Miriam Lichtner, Chief of Infectious Disease Unit at SM Goretti Hospital, Latina, Full Professor in Infectious Disease at Department of Mental Health and Neuroscience, NESMOS, Sapienza University of Rome, Italy
COVID-19 pandemic response: clinical settings, access to therapy and comparative models.

On 11 March 2020 WHO declared COVID-19 a pandemic infection. Many regions have experienced epidemic waves of COVID-19 since the emergence of SARS-CoV-2 with differences in mortality, clinical settings, and access to therapy.

A real word (RW) experience will be presented at a tertiary referral university hospital in the province of Latina. Epidemic dynamics and hospital organization to menage in- and out-patients will be described. A total of 3407 in-patients has been recorded, together with 4163 out-patients during these last 2 years. Demographics, clinical characteristics, therapeutical approaches and outcomes will been analyzed. The different waves will be compared in term of hospital response. 


Matthias Gsänger (Universität Würzburg)
Modelling "Culture" Possibilities and Frontiers.

Since the sheer amount of conceptions of "culture" in the social sciences and the humanities is notorius, and since I wish to avoid arbitrariness, I want to propose an approach which, I hope, is congenial to rule based dynamics and models, like the one you are working on.
The basic feature of this approach is the concept of "practices". Practices consists of "frames" and "habits". Frames are holistic descriptions of situations, we all use to orient ourself in this world. Habits are sets of possible behaviour derived from the respective frames. So practices function like rules.
Cultures are the defined as structured compositions of practices of a specific collective. By analyzing the practices and the very structure of their formation, it should be posible to derive sound hypotheses on how a collective or actors, performing practices, will answer to specific occurencews.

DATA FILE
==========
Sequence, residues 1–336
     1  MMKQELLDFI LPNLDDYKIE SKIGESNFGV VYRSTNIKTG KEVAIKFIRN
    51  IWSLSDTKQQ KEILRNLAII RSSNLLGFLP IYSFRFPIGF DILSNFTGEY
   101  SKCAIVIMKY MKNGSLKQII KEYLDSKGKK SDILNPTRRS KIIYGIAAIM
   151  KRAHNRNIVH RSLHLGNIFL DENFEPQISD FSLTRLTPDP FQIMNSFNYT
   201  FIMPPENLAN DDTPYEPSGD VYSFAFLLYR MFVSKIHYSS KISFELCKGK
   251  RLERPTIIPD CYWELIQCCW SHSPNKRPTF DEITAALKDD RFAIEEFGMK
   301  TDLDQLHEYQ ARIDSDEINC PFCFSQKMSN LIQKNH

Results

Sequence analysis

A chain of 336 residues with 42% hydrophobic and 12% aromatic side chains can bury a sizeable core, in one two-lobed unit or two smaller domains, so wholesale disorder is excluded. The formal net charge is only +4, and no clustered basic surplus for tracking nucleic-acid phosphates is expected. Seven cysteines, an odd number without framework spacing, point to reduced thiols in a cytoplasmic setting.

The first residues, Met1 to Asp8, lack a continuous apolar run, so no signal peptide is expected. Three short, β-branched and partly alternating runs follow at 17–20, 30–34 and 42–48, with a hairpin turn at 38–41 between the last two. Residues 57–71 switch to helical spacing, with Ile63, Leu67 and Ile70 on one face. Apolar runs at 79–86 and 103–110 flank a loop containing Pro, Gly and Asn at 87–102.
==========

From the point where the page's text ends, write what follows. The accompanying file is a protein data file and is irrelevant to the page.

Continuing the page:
The approach is assumed to work on several social levels from the micro to the macro. It should be applicable to political systems (of nation states) as well as to organizations like hospitals.


Johannes Müller, TU München
Contact tracing, superspreaders, and apps

Abstract: The fight against Corona started with non-pharmaceutical control measures: social distancing, masks, and - last but not least - contact tracing. Particular hope was pinned on the novel technology of tracing apps.

Mathematical modeling of contact tracing presents some unique challenges: In addition to dependencies arising from the epidemic process, there are dependencies arising from following infectious contacts. In that, contact tracing is not only interesting in terms of the application, but also a nice opportunity to refine mathematical methods.

In this talk, we will discuss some approaches to analyzing contact tracing, what impact to expect, how the effectiveness of contact tracing is affected by superspreader events, and what we can hope for from tracing apps.

[1] Johannes Müller, Mirjam Kretzschmar
Contact Tracing – Old Models and New Challenges (Review paper)
Infectious Disease Modelling, 6 (2021), 222-231
[2] Johannes Müller, Volker Hösel
Contact Tracing & Super-Spreaders in the Branching-Process Model
JOMB, accepted 2021


Markus Kirkilionis, University of Warwick

How Can Mathematical Modelling Help To Manage Pandemics?
Abstract: Mathematical Modelling of pandemics has a long history, and can be seen as one of the success stories of Mathematical Biology. It has definitely contributed to our understanding of possible disease dynamics. But are we already close to truly predicting pandemics? And if we can, is there a way to manage pandemics, truly evaluating the effectiveness of interventions, such as lockdowns?